My worlds were convexing here on the streets of New York.  Not only was the city’s terrain unfamiliar, it was clothed with my known circles in Afghanistan, and I was off beat.  Time was everywhere and nowhere, covered and uncovered, cyclical and stopped at all points.  “The early Greeks saw existence as an agonistic movement of strife emerging out of a ‘negative’ force’” with no beginning or ending, just a continual recurrence.[vi]  Through Greek philosophers like Sophocles, Plato, Aristotle, and the Stoics, “the ancient world understood time in cyclic terms…where world conditions wind down and reconfigure themselves in endless cycles of return,” [vii] but Judeo-Christian views shaped time into a more linear movement from past, present, and future, with “the soul’s true nature [being] outside of time, in God’s eternal presence, a ‘now’ that never ‘passes.’” [viii]

“That’s where John Lennon was shot,” Jen brings me back, pointing towards a hotel across the street.  Her voice was too loud, banging out to me because of the headphone bud she had in one ear.  I was infused only with the sounds of the city and my own breath puffing in my ears.


“Back there,” she threw her arm back towards a brownstone across from the park, but there was too much for me to see.  It was too late.

Running through Central Park was like being on a movie set.  Every step brought us to a tree, bench, or tunnel that was in “that one movie.”  Every sight was cloudy with expectations of what it was supposed to be like, but the reality was a high definition of the unexpected.  Jen was looking for celebrities, imagining what she would say to Sting or Sarah Jessica Parker if we spotted one of them sipping a coffee on a park bench.  I was silently suffocating in over-stimulation, noticing places where barricades should be to fortify our safety.  There was so much here, too many different makes and models of cars, and too many different clothing types, and too many unprotected sidewalks.  And I couldn’t smell burnt rubber and feces cloying through the air with phantom fingers.  I had been stateside for only fouteen days.  My eyes were cataract with busted and blown helicopter and MRAPS parts sitting in inventory fields in Afghanistan, “Regret to inform you” missives waiting to be sent out, helmets and dog tags hanging on M-4s with empty boots beside, and I wished I could run harder.  I wanted to run so hard that I would separate time into the past, present, and future it was supposed to be, instead of the continuous stream of all things that ran along with me.  I wanted to be Jen, to see only what she saw, and know only what she knew.  I wanted to have her steadiness in this one world instead of my discombobulation in all three:  there, here, and the world of the return.

“Our belief in the reality of our perceived world is continually reaffirmed by the stability and permanence of objects we perceive in the world.  Nevertheless, there are deep logical problems with the direct realist view that cannot be ignored.”  Dr. Steven Lehar [ix]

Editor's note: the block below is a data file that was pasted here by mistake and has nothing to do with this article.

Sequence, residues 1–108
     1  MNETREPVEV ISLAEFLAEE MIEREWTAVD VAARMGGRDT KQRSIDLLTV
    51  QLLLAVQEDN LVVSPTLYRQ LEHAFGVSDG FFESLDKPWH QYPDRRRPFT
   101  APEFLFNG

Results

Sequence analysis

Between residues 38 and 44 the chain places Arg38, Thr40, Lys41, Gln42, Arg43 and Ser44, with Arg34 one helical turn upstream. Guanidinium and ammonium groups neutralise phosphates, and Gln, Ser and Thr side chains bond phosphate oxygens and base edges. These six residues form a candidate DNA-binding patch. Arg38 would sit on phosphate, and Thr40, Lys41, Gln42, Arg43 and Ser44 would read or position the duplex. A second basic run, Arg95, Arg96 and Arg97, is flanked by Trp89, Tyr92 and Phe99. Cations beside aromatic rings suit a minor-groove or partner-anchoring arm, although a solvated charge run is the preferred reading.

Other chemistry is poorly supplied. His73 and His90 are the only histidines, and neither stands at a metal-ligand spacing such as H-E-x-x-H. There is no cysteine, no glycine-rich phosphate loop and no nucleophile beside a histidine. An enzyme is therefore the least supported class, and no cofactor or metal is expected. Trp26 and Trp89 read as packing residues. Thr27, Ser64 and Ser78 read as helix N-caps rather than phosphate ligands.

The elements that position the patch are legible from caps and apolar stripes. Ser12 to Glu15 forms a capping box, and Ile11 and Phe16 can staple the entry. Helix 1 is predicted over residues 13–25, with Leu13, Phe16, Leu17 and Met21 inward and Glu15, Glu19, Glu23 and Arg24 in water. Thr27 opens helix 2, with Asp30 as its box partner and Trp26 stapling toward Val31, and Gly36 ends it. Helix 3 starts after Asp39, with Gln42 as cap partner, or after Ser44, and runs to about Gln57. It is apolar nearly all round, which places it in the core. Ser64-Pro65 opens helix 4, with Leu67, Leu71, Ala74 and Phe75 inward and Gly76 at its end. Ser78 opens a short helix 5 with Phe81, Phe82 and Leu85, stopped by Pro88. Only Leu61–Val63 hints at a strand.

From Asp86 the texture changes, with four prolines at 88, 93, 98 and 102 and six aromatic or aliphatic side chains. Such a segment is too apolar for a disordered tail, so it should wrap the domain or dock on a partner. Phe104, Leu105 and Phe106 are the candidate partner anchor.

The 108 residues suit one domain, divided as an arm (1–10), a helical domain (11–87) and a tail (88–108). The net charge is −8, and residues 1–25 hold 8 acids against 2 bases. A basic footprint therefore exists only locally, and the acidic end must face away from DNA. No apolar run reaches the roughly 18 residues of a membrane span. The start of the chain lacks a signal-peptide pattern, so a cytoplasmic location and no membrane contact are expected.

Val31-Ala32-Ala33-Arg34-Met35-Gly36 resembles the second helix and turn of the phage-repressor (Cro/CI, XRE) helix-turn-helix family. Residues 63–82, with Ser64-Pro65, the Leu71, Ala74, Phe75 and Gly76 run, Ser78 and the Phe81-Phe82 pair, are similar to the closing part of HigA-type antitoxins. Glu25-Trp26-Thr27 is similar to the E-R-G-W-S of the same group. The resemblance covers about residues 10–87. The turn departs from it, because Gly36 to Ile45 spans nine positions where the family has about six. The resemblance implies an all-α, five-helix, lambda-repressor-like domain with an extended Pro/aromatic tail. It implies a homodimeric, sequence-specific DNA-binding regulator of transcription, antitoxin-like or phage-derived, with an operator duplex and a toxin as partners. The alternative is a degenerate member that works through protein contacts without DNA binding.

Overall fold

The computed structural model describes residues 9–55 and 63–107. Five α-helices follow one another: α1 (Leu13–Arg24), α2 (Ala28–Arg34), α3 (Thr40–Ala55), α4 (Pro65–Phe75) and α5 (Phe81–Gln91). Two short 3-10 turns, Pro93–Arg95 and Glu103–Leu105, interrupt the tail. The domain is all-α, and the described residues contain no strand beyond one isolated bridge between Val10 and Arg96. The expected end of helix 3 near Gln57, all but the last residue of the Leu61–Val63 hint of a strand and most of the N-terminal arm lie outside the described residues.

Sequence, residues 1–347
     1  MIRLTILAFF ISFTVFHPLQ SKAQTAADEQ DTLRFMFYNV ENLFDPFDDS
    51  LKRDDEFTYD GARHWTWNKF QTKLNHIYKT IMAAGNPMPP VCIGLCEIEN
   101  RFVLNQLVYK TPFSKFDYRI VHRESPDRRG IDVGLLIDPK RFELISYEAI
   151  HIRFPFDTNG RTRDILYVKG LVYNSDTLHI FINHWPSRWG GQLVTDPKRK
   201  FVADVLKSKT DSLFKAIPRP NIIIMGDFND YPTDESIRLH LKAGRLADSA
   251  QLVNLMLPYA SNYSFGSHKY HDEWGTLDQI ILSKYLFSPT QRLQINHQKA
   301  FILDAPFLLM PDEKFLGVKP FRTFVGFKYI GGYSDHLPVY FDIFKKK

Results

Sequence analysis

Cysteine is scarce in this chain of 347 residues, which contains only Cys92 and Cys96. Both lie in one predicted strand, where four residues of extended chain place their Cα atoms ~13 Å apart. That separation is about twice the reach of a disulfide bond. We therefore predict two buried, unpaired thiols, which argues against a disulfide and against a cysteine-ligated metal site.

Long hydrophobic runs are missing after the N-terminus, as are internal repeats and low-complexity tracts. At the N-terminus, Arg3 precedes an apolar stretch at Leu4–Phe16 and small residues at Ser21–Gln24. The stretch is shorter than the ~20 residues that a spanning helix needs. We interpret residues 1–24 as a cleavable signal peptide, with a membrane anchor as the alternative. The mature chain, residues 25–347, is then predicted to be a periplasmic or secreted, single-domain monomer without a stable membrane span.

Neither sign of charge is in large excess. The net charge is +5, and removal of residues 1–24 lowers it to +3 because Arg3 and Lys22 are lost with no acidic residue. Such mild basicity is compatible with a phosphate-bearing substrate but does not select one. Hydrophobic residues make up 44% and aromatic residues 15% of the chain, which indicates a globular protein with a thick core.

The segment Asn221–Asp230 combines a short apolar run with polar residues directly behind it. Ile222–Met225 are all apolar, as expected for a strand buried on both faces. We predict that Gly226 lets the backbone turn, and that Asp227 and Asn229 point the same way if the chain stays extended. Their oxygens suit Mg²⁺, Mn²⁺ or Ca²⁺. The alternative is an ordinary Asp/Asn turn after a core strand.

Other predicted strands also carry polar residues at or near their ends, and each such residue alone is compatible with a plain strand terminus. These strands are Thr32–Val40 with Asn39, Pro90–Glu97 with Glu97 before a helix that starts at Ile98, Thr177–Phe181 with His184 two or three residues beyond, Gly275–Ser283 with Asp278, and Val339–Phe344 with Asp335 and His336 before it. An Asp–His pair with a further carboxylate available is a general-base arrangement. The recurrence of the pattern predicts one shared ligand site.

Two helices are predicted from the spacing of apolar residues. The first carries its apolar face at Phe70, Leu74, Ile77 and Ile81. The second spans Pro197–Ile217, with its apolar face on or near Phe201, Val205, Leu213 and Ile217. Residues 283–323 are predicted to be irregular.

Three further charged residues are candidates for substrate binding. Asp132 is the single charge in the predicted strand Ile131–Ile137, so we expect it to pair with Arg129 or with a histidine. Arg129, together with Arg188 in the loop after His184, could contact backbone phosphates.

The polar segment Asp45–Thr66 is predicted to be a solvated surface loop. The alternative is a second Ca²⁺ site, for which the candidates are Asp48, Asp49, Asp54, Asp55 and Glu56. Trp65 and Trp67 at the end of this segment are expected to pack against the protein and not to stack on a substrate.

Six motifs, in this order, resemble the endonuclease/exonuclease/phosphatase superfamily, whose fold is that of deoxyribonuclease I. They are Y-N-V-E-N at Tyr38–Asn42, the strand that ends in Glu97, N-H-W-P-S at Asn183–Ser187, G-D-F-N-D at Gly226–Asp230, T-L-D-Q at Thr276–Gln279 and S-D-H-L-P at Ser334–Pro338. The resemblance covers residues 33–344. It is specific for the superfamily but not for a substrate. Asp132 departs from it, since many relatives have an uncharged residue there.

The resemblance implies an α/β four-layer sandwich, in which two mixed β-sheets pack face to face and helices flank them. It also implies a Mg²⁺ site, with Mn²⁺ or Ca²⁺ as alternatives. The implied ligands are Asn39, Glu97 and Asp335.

15 September 2011

I ran tonight for the first time since the attack.  We haven’t been allowed to go outside for the last several days, and no sewage trucks have been able to come onto the compound.  We have about 1,500 people here, and the port-o-johns are only figured for 500.  I had to stop running to dry heave a couple times; the smell is too much.  The Colonel says I’m “ate up” for getting out here tonight.  He wanted me to wait until tomorrow when the johns have been emptied, but you can’t trust that things will get done when they’re supposed to around here.  Afghan time is different than military time.  And one day turns into the next, then the next, and soon I won’t have run for another week.  Despite retching under the watchful eyes of the Afghan guards, it still felt good to be out with the familiar thump on my leg.  I’ve actually started to form a callus where the knife hits.  It’s rough and scaly–my battle wound.  I pulled it out the last time I ran.  A cat ran out from under some wood slats and scared the shit out of me.  I was ready to attack the enemy, but it ran behind the morale tent.  At least I know that my instincts are to use it.  I think that must be good.  Running in circles for hours probably seems insane to the night-watchers (that’s what we started calling the guards in their plywood towers along the wall), but I see so much more at night than I can during day.  There’s too much moving around during the day.  Too many people to check out, too many vehicles coming in and out of the gates.  I run at night when it’s cool and slow.  I run past cleverly decorated tanker trucks with painted curlicues of red and orange art, and I make note if the truck has moved closer to the blockades around the living quarters.  I run past the military supply containers, lined up 50 strong around the circle, and I’m careful not to drift too close to the darkness behind them where my rape light would go unnoticed.  I run past the spot where the IED landed and stuck last summer, but didn’t explode—a dud, they said, but it still took them awhile to get EOD here to disarm the device and remove it.  I run past the newly formed bullet holes from last week’s firefight with some local Taliban.  It’s hard to decipher which ones are old and which ones are new.  The guards know.  I run past them as they peer between the slats of their towers, noshing on naan and nigella seeds, puloa and korma they brought from their homes.  I run hard, hard as I can sometimes, pushing myself past whatever it is that’s chasing me.  Tonight, I stopped into the chapel tent.  It was so black inside that I had to turn on my light briefly to see where to step.  I was completely alone, a rarity here.  No night-watchers’ eyes, just me and my breath going in and out, in and out, too fast after the run.  I tried hard to control it, make it slow down, and when I did, I could feel my heartbeat behind my eyes.  I played a game where I tried to be as still as possible, not even allowing my chest to move as I breathed.  Not blinking, just plunging my eyes into the blackness, unable to make a path or catch any light, anywhere.  And with every jump of eyelid and heartbeat, I prayed:  I want to go home. I want to go home.  I want to go home.  I want to go home.